Kiwi falls vs pound after barracking at Bank of England for higher rate

Mr Vlieghe's comments came a day after the Bank of England kept its benchmark rate unchanged.

The New Zealand dollar fell against the pound after Gertjan Vlieghe, regarded as one of the more dovish Bank of England policymakers, said the central bank may have to raise interest rates in coming months.

The kiwi was trading at 53.66 British pence as at 8:30am in Wellington from 53.65 pence on Friday in New York, having fallen from 53.97 pence in Wellington at the end of last week. The kiwi traded at 72.80USc from 72.88USc in New York.

Mr Vlieghe's comments came a day after the Bank of England kept its benchmark rate unchanged and echoed the views of governor Mark Carney. The majority of the bank's policy committee now say some withdrawal of monetary stimulus "is likely to be appropriate over the coming months" to combat inflation. Meanwhile, US retail sales fell 0.2 percent in August, against expectations of a 0.1 percent gain, and industrial production tumbled 0.9 percent. Weak data has been expected in the wake of Hurricane Harvey.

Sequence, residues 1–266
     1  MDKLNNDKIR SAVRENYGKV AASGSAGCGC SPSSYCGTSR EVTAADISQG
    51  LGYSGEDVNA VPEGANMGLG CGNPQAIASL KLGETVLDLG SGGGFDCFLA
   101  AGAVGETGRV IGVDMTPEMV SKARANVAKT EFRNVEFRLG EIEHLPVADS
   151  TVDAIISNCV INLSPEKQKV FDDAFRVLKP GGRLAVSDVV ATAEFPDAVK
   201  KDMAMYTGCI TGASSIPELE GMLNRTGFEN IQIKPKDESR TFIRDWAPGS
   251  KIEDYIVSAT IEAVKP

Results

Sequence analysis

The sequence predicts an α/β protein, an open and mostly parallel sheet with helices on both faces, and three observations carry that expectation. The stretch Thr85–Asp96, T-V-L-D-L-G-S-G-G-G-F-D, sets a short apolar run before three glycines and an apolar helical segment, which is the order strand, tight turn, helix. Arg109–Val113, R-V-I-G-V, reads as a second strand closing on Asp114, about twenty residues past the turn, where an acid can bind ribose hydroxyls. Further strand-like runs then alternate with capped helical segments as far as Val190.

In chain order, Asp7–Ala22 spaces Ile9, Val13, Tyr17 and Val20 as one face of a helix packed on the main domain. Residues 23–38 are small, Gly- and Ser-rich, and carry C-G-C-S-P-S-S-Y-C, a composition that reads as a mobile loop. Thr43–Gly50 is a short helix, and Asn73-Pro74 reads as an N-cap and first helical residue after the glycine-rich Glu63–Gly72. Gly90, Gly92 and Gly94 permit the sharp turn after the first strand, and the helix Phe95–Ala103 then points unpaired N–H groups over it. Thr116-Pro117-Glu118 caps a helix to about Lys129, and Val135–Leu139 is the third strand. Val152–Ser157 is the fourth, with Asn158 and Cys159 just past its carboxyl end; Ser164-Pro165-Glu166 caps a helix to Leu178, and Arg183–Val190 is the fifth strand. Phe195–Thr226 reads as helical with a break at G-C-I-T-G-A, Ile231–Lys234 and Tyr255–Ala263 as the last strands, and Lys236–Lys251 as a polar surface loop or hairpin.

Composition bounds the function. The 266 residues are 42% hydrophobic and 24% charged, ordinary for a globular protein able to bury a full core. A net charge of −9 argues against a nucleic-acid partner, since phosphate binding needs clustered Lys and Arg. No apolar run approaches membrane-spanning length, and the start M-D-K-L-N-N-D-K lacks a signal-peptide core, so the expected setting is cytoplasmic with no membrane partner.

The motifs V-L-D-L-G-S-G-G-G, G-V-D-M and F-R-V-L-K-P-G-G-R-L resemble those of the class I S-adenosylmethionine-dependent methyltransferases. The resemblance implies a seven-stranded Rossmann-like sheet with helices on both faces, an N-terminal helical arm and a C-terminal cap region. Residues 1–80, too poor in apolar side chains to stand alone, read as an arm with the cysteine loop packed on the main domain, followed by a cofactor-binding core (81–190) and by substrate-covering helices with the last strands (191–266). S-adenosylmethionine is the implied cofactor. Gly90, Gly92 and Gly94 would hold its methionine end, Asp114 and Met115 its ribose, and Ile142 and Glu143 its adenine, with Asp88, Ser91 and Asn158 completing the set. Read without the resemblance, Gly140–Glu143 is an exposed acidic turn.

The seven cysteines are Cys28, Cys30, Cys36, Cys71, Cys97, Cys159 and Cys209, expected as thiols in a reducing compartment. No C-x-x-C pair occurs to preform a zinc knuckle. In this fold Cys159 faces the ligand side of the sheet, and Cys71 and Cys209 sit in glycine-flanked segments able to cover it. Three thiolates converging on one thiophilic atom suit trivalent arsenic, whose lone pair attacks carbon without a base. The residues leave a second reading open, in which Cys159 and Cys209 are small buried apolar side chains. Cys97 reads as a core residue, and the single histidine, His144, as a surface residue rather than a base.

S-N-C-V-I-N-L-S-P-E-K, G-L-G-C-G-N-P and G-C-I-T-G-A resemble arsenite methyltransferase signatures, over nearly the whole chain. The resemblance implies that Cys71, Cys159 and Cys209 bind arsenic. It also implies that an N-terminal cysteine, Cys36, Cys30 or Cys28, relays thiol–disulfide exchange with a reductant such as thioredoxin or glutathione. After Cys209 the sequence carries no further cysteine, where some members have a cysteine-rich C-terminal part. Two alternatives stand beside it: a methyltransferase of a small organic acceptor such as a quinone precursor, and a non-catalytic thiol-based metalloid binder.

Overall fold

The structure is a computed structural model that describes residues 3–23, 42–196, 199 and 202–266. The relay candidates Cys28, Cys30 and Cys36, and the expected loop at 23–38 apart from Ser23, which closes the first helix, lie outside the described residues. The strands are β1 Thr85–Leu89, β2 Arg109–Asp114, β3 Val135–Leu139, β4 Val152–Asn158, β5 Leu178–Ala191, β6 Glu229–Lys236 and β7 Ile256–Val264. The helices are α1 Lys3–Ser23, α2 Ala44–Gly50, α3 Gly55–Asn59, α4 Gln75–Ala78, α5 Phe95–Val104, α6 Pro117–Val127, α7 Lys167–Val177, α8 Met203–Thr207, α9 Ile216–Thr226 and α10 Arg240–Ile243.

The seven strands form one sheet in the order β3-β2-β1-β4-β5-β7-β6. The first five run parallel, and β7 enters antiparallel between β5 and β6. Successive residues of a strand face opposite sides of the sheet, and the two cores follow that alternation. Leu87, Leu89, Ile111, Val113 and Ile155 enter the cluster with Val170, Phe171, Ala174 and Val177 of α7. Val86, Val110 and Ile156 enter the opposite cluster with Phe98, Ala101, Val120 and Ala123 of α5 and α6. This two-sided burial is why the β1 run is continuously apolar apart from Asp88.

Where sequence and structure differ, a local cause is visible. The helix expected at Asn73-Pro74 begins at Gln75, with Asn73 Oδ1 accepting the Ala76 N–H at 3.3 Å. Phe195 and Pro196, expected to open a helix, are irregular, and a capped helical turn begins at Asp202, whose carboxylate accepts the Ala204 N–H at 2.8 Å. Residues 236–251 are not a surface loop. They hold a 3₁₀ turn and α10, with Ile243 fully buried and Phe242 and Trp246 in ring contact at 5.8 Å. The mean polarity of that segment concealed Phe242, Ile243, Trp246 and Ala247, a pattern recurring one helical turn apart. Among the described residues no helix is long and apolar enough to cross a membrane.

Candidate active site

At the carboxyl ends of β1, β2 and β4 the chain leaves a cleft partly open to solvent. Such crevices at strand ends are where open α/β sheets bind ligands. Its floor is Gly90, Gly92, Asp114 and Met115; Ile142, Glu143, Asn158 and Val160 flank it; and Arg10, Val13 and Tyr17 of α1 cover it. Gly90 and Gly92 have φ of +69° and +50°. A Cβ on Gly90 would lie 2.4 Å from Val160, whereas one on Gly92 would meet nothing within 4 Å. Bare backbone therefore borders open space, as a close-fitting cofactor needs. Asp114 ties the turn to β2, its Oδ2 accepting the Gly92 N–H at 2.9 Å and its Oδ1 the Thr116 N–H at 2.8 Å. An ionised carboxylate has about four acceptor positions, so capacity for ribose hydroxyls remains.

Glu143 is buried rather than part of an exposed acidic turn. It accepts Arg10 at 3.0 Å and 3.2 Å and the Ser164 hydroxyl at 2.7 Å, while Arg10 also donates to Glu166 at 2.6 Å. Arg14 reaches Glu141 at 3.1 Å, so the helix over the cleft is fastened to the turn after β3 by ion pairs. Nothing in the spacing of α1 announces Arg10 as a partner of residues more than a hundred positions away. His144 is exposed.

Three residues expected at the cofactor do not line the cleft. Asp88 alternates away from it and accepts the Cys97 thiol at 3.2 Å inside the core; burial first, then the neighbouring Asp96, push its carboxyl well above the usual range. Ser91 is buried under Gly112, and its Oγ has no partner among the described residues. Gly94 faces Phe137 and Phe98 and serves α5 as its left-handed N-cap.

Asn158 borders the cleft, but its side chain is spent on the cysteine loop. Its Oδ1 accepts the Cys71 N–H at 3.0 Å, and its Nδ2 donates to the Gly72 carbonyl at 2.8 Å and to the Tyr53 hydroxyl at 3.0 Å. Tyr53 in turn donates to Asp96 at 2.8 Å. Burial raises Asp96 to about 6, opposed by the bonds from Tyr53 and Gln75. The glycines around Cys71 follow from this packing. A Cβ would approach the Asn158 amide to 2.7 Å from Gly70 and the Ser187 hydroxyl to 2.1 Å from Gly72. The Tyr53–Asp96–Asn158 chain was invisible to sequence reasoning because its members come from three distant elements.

"The US dollar was under pressure at the end of last week due to softer data and the ongoing surge in the pound," said Con Williams, rural economist at ANZ Bank New Zealand, in a note. "Election uncertainty will continue to weigh on the NZ dollar until the weekend provides more clarity (perhaps)."

The local economic data week kicks off today with the performance of services index for August but the main event ahead of the election on Saturday is likely to be gross domestic product figures for the second quarter, due out on Wednesday and expected to show the economy accelerated to a 0.8 percent quarterly pace for an annual rate of growth of 2.5 percent.

The kiwi traded at 90.93Ac from 91.07Ac in New York on Friday. It traded at 61 euro cents, little changed from last week and edged up to 80.87 yen from 80.79 yen. The kiwi fell to 4.7684 yuan from 4.7736 yuan.

The trade-weighted index was at 75.86 from 75.91 on Friday.

(BusinessDesk)